Triinu Ojamaa and Julia Sulina (Estonian Literary Museum)
It is a matter of fact in musicology that music, which is, first of all, a source of emotional enjoyment, also serves some social functions. According to Hargreaves and North, we use music to communicate with each other; it is possible for people from widely differing cultural backgrounds to establish contact through music, even though the languages they speak may be quite incomprehensible to one another.
Communication is primarily realized over the course of musical performances, and it can take place between performers, between members of the audience, and between performers and their audience. About 100 open-air music festivals take place every year in Estonia; the genres vary from folk fusion to global pop and classical music. The festivals—at least theoretically—have great potential to integrate music-lovers of different ethnic backgrounds. We argue that, in practice, most of the festivals do not function as tools for such integration, because their audiences consist primarily of ethnic Estonians.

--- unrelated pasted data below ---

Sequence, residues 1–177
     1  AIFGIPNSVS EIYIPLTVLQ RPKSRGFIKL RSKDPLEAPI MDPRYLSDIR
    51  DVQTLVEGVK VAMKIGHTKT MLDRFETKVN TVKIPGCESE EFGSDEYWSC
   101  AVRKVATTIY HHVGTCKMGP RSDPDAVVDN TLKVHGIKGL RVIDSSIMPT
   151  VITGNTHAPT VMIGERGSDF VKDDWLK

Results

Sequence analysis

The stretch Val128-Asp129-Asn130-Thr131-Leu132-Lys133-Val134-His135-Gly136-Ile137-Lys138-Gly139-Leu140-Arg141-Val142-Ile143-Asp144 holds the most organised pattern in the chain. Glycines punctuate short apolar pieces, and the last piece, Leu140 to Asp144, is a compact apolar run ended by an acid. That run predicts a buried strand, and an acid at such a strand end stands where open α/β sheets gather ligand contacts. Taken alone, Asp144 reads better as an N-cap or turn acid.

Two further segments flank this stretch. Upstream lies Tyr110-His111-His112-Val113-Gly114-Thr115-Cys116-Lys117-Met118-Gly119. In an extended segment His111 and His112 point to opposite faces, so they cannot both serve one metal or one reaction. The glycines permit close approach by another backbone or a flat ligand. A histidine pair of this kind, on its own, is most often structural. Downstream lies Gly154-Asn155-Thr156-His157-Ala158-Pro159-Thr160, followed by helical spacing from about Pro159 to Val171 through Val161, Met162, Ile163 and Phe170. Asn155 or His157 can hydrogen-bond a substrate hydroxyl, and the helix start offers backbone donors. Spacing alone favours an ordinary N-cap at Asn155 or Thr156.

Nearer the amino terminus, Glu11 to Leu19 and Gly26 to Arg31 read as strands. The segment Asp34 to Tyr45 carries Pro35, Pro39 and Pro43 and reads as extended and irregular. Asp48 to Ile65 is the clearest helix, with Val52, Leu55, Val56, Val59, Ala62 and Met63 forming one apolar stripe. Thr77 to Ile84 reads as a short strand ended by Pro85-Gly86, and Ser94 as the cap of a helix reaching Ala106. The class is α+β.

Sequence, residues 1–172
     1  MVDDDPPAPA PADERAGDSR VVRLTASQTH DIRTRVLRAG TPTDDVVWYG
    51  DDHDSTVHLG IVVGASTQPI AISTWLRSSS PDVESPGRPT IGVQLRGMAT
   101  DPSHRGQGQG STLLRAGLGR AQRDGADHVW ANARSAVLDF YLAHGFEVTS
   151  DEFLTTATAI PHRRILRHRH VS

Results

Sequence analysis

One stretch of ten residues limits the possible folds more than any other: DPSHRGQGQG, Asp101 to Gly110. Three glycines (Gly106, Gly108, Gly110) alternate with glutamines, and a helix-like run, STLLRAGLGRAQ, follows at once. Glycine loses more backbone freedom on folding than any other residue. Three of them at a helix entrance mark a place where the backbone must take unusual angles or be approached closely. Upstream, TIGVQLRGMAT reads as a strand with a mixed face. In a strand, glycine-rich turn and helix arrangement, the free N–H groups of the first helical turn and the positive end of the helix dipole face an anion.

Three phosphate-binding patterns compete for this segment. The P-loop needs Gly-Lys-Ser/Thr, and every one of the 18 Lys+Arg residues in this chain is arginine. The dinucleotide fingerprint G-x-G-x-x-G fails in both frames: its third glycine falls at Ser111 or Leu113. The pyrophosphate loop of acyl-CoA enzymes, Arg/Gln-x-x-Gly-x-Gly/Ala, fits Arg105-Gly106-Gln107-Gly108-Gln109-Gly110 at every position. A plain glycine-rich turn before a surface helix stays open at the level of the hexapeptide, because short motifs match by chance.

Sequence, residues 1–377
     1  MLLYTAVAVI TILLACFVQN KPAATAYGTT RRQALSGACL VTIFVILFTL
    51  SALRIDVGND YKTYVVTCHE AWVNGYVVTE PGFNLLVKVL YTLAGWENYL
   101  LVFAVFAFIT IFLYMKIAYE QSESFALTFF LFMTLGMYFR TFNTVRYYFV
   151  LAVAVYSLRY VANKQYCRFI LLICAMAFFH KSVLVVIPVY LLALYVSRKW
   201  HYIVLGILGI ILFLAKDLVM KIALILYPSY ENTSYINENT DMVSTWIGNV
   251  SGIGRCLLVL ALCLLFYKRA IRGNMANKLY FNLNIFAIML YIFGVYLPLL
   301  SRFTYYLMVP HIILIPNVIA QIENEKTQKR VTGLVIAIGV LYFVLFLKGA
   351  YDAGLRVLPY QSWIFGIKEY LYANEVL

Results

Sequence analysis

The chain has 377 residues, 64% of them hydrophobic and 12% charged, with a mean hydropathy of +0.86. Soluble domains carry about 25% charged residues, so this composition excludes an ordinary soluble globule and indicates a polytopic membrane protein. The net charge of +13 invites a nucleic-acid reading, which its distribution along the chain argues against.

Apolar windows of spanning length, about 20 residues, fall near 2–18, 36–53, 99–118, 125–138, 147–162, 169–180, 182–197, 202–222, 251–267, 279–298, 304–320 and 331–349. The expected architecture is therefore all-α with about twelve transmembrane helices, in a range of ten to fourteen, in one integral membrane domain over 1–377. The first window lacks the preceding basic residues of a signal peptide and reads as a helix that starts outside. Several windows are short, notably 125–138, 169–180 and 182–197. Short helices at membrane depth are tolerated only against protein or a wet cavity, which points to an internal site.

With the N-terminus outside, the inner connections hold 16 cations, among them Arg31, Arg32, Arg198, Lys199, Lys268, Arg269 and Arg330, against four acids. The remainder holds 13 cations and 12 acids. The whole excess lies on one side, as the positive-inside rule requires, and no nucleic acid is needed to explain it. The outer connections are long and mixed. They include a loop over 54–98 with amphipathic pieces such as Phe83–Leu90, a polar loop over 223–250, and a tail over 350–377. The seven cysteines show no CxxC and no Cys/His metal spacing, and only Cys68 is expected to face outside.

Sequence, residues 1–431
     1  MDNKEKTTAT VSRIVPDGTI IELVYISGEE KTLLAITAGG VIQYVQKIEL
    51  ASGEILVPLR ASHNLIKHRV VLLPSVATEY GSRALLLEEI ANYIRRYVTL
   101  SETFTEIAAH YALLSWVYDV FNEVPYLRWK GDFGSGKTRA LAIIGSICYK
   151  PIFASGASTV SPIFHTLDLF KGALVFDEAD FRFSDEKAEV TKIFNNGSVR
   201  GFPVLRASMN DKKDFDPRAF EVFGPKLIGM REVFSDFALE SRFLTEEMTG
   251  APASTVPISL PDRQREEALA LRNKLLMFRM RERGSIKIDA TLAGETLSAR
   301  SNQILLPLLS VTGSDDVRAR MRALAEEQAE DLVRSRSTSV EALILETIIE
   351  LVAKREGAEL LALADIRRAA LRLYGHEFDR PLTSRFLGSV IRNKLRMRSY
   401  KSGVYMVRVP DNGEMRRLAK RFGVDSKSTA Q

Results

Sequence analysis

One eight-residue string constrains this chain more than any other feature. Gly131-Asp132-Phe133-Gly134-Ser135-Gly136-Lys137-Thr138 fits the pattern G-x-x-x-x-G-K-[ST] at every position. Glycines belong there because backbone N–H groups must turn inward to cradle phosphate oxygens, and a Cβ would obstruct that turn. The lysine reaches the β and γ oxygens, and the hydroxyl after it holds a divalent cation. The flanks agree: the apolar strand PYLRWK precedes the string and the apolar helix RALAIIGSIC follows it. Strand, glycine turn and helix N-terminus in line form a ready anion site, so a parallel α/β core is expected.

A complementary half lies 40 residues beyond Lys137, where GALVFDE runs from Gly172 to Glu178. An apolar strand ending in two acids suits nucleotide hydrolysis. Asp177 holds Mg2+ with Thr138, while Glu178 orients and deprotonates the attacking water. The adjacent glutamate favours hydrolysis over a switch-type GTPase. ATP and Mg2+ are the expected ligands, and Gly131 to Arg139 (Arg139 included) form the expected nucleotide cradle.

Based upon observations of thirty such festivals, we analyze the attitudes of Russian-speaking minority groups toward such music festivals. Our goal is to identify those features of the festivals and of performances themselves that would make these events more attractive for audiences of different backgrounds, and thus offering possibilities for individual and groups to meet and communicate.